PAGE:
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Whitecap Dakota First Nation And SPS Sign Historic Education Agreement PDF Print E-mail
Written by Fraser Needham   
Friday, 24 October 2014 15:17

The Whitecap Dakota First Nation signed a four-year agreement with Saskatoon Public Schools this morning that will see its students receive a level of services and funding similar to students attending provincial schools.

As part of the agreement, students and teachers at the Whitecap Dakota Elementary School now fall under Saskatoon Public Schools.

Chief Darcy Bear says the education agreement makes the Whitecap school a more attractive place to work and enables its students to receive a higher level of services.

“It makes it very attractive now to work in Whitecap and attract the best teachers to come to our school,” he says. “As well, the focus here is going to be on the primary literacy because a lot of studies correlate as far as a strong literacy program leads to retention in school and at the end of the day what we want to see is our students graduate.”

Saskatoon Board of Education Chair Ray Morrison says the agreement allows the school division to provide Whitecap students with a higher level of educational support services.

“It’s things like access to special needs teachers, some specialists like speech and language pathologists and occupational therapists – some of those kinds of specialists in education that aren’t found in many parts of the province.”

About 61 students currently attend the kindergarten to Grade 4 Whitecap school.

After graduation, these students attend schools in the Saskatoon Public School Division.

The Whitecap band will not lose any jurisdiction over education as a result of the agreement.

The education agreement is funded by the federal government.

It is the first of its kind in the province and was 20 years in the making.

Grandmother's Bay And Stanley Mission Volunteers Join Search For Charlette PDF Print E-mail
Written by Joel Willick   
Friday, 24 October 2014 15:15

Volunteers from Grandmother’s Bay and Stanley Mission continue their search of the North Saskatchewan River near Prince Albert for the body of Tim Charlette.

Police believe Charlette may be near where the body of Beatrice Adam was found on Oct. 12.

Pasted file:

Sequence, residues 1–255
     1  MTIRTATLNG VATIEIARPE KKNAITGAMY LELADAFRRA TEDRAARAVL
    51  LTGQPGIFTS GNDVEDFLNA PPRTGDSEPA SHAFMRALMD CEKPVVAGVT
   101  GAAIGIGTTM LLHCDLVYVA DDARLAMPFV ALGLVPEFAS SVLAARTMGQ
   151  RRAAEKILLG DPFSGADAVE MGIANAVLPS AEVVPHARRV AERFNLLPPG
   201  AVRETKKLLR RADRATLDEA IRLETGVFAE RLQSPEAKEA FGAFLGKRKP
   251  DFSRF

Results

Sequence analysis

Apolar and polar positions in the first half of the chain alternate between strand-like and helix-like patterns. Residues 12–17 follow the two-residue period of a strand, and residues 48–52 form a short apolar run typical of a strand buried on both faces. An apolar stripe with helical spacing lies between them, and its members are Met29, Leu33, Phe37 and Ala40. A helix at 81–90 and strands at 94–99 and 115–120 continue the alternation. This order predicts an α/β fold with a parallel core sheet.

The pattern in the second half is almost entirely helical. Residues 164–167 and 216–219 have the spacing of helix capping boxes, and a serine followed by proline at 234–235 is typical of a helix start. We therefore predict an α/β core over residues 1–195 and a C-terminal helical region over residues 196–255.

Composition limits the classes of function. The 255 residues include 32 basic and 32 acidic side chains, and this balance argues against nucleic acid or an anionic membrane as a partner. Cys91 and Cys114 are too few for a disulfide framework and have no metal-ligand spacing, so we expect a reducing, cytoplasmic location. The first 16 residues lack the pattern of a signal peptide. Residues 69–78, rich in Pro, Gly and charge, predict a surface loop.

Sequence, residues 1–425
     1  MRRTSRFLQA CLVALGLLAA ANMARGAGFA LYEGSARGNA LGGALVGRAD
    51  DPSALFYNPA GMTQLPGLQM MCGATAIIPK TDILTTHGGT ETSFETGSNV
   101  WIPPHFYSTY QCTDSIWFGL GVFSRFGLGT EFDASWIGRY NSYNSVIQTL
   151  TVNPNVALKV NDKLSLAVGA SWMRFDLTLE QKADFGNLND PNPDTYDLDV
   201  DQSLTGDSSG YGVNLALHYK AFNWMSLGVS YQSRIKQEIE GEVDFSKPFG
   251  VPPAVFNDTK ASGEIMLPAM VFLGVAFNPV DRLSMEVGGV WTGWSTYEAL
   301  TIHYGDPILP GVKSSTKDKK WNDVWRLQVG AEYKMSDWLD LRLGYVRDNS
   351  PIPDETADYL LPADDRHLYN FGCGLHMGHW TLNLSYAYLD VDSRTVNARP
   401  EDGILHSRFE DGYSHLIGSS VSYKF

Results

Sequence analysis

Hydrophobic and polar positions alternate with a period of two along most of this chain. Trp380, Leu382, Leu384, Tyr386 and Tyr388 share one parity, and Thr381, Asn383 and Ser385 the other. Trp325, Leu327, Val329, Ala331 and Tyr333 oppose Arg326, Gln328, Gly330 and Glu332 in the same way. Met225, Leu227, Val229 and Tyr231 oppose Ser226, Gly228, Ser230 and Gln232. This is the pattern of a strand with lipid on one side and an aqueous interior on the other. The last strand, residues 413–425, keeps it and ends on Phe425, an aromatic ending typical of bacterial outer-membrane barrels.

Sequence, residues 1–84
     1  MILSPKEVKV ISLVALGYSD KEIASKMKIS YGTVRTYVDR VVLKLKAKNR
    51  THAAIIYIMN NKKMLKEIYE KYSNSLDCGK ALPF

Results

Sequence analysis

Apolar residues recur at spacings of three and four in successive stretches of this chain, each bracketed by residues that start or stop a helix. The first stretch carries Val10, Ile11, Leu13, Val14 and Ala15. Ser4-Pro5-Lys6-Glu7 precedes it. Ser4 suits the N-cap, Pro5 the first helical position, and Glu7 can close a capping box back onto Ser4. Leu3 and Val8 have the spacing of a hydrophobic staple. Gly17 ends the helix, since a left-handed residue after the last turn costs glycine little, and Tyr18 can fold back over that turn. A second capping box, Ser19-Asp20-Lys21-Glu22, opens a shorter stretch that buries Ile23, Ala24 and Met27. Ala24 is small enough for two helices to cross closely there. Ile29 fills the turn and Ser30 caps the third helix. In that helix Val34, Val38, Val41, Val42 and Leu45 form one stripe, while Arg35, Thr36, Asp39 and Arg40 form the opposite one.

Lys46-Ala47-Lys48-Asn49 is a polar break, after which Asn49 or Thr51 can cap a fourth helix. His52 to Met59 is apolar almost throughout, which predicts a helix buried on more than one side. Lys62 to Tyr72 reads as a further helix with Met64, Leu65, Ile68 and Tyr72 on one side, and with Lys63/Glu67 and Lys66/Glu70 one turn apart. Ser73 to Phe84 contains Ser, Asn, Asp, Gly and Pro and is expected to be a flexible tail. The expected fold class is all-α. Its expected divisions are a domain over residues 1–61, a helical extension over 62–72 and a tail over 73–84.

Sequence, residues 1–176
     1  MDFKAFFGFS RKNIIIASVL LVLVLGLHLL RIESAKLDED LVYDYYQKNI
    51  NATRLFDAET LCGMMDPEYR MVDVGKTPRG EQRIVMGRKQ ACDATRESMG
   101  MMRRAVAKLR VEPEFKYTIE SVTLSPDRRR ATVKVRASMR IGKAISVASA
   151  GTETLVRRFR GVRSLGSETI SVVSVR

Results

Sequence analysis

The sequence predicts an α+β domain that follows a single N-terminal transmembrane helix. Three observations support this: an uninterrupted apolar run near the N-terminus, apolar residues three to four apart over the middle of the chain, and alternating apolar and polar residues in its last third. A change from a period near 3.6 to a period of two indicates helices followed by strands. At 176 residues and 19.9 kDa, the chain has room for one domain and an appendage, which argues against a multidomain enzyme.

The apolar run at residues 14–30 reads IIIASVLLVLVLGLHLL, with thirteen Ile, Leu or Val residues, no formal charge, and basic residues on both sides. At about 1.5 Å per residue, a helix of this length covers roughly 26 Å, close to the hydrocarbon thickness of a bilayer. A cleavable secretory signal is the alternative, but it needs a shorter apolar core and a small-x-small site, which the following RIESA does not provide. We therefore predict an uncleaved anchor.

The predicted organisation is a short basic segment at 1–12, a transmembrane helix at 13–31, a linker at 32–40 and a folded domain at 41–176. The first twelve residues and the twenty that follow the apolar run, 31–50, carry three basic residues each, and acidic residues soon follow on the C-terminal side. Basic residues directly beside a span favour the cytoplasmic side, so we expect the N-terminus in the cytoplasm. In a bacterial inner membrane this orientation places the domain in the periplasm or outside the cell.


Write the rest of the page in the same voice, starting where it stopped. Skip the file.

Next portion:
The volunteers are using sonar equipment recently purchased by the Lac La Ronge Indian Band to search the river.

Leon Charles, one of the volunteers using the equipment, says they have been searching since Wednesday.

“Today, we are going to do a physical check on the river, all the way down to Wapiti Bridge, the Grondin Bridge – that’s where we’re going to get dropped off this morning and then we’re going to come up and the people from Stanley they’re going to be going down the river,” he says. “So, we’re trying to cover as much water as we can today.”

The family of Tim Charlette said they are grateful for the support they have received and the effort of the search teams.

Robert Charlette, Tim’s Father, says it has been a difficult time.

“My son is somewhere, I don’t know whereabouts, but he’s in the water and hopefully we’ll find him soon before freeze up,” he says.

The volunteers are working in conjunction with the Prince Albert police and fire departments in the search.

Montreal Lake Cree Nation Joins Initiative For Higher Standards In Forestry Management Standards PDF Print E-mail
Written by Manfred Joehnck   
Friday, 24 October 2014 15:14

A huge tract of forest in central Saskatchewan is now certified to standards set by an independent organization called the Sustainable Forestry Initiative.

SFI works with forestry companies and First Nations to put standards and policies in place that protect the land and ensure sustainable forest management for generations to come.

It is a non-profit organization that is internationally recognized for its forestry initiative programs and has a long history of partnerships with First Nations.

Kaskew Forestry Products of Prince Albert is licensed by the Montreal Lake Cree Business Ventures to manage and operate the wood allocation.

General manager Bart Smith says preserving and protecting ancestral territory is very important to the company and is worth the effort.

“Definitely there is more to do to being certified but our thought is we are very concerned about the future and we want to make sure we protect Montreal Lake ancestral territory, so it is well worth the extra effort to meet this standard,” he says.

Smith also says meeting SFI objectives and other performance criteria improves the company’s ability to cooperate with local partners in harvesting and at the same time participate more fully in the local economy.

The area of forest involved is about half the size of Prince Edward Island.

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